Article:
A couple of weeks ago, I met up with old friends in Quiapo.
I had posted on Facebook that my dog ate my glasses, and Tracey suggested we get new pairs made on Paterno Street. Two other friends decided to come, and that's how four of us bespectacled Gen Xers ended up in Quiapo one afternoon, having glasses made and eating Jolli Dada's pancit palabok, then buying marble mortar and pestles under the Quiapo Bridge. Later, we'd decide to have coffee, cake, and nachos at La Cathedral Cafe Intramuros.
I've gone back to Quiapo two times since.
First, I brought Keona and we had a tour of Escolta, Quiapo, and Intramuros. Escolta was pretty much empty so the walk was pleasant. We went to HUB: Make Lab at the First United Building, where we shopped a little and had coffee. Then we walked to Quiapo where we also did some shopping.
Keona didn't realize she was hungry until we had fried chicken and rice in front of us at Ristorante delle Mitre in Intramuros. She'd been there before but not at night, and she found the lights lovely. Our Manila sojourn ended with us riding a tuktuk across the new Binondo–Intramuros Bridge to get from Intramuros to Plaza Lawton, where we chance upon a UV Express van headed for home.
The second time I went to Quiapo, it was to pick up my new glasses. I went in a rush, but I still walked from Escolta to Quiapo and back, and then I treated myself to Tropical Hut.
I'd never really explored Quiapo before then, and now I can't stop thinking about it. Maybe I can romanticize my visits because I'd been mostly stuck at home since 2020, or maybe it's because there weren't many people because we're still in a pandemic.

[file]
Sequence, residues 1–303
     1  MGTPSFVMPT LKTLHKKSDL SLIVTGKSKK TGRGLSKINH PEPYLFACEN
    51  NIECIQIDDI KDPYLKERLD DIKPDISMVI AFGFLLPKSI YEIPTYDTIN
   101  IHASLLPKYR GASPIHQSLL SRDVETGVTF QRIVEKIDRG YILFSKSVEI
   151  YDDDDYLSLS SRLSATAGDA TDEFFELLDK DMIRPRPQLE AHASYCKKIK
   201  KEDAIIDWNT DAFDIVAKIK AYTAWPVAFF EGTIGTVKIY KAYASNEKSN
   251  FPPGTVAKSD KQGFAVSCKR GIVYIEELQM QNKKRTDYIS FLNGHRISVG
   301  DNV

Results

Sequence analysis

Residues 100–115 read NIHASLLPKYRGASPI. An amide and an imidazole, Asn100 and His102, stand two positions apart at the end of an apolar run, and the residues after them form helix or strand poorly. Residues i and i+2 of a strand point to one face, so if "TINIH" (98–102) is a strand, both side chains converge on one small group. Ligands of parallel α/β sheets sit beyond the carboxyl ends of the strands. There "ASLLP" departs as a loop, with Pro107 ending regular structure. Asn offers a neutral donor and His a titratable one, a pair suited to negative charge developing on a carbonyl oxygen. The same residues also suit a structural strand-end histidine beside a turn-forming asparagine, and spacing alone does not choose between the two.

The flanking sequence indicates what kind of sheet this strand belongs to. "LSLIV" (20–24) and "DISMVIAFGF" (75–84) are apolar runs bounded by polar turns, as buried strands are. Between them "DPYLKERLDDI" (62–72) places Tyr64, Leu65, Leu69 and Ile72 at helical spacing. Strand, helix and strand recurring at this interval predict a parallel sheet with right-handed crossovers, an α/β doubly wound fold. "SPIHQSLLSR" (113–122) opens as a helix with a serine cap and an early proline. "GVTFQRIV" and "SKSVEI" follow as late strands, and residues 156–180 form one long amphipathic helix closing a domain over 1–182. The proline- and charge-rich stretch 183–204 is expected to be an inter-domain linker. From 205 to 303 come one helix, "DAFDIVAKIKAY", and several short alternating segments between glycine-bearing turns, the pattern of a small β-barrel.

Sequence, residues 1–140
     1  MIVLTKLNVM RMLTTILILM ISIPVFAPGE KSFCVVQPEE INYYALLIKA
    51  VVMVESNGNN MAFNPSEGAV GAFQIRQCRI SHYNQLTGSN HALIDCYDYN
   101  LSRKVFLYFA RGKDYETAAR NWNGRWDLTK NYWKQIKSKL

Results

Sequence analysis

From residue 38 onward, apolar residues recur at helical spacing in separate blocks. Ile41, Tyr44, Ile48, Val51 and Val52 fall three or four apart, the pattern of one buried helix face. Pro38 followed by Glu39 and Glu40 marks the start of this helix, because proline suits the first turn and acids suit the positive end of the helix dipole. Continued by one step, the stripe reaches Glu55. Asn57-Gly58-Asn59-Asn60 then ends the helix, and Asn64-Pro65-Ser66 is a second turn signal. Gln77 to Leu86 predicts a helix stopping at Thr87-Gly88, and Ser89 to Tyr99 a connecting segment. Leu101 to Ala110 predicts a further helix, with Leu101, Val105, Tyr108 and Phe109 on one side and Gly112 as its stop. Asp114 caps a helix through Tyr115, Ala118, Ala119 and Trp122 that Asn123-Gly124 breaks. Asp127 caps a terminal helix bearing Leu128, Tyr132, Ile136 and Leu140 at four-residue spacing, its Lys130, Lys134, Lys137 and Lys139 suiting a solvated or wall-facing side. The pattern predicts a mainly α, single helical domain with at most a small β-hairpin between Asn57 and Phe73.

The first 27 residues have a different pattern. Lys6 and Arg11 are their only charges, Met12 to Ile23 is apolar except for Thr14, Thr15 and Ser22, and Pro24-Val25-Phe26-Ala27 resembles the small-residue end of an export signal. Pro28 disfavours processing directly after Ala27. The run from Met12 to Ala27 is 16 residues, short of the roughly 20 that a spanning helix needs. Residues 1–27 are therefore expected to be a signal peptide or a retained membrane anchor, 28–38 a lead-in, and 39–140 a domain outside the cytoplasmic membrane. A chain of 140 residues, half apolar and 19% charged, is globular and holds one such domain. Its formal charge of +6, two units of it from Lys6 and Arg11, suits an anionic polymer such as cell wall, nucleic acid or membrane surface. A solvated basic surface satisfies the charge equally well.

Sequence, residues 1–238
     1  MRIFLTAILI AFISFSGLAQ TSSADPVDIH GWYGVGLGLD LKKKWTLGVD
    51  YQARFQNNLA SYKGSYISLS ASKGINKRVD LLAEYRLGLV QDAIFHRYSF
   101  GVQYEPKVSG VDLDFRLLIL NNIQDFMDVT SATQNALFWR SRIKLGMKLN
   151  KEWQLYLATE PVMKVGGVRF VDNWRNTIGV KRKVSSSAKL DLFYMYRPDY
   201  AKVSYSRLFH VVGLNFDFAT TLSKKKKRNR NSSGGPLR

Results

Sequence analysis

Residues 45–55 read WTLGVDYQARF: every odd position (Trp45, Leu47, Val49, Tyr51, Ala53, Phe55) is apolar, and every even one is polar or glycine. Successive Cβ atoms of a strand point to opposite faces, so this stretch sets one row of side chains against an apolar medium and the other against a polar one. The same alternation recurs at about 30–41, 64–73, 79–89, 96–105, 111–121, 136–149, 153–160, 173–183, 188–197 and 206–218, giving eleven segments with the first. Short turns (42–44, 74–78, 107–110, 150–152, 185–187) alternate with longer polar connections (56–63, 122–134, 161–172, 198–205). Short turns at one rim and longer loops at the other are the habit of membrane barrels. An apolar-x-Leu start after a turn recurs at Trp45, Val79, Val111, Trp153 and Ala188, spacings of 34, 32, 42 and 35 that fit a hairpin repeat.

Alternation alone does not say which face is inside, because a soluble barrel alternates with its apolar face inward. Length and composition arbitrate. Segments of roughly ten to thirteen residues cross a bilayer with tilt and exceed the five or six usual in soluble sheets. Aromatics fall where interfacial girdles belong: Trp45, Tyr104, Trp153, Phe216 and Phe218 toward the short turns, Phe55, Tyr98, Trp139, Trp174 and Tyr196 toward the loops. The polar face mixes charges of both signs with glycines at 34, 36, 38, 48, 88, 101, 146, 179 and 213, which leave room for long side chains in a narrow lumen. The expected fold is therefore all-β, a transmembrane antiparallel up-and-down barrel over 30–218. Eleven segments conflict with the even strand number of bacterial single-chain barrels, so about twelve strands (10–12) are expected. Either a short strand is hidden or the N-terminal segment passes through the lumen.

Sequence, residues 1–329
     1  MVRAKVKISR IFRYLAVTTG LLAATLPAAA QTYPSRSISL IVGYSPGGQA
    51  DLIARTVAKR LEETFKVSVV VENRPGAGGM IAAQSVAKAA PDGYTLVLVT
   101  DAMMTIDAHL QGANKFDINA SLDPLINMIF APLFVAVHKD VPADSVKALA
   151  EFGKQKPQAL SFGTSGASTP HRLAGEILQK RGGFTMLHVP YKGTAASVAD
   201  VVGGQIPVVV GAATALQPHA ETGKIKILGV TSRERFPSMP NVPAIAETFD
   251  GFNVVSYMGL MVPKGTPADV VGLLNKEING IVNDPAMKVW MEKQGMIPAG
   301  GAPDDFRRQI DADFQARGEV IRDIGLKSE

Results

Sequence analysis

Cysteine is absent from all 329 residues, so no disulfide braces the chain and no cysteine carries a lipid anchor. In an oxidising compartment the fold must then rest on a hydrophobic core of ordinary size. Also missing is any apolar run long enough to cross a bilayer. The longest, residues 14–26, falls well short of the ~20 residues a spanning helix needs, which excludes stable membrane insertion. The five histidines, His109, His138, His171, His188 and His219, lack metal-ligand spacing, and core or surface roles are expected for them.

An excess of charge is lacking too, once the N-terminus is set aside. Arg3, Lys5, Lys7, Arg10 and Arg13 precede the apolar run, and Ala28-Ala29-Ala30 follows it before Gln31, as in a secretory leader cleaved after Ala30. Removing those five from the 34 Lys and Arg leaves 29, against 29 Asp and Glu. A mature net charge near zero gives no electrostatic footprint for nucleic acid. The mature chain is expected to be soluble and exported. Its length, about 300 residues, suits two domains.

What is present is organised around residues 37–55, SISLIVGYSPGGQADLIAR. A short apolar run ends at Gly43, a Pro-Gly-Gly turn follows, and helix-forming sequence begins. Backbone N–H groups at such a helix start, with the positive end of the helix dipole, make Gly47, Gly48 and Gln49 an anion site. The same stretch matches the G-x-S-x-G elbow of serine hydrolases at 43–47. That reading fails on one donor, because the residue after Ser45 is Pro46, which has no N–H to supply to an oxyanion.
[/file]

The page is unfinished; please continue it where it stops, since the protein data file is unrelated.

Or maybe it's because I connected with the dying capital's will to live. Walking to Quiapo from Sta. Cruz, you still get a feel for how beautiful the place used to be. Wealthy people used to thrive in the area, and while wealthy people still go there, it's the masses who now give it life. It's unfortunate how unconcerned they often are about the place's fading beauty, but it's also impressive how they've carved out their lives in whatever part of Quiapo they can claim.
I am aware I sound so "boujee" saying that, but I haven't really completely articulated my thoughts to myself yet. Manila has a lot of problems, and I've always had a love-hate relationship with the city, but these days, I'm appreciative of anything that insists to live, even with little bits of hope or little pockets of beauty.
I think I fell in love with pandemic-times Quiapo because it gives my pandemic-times feelings a home.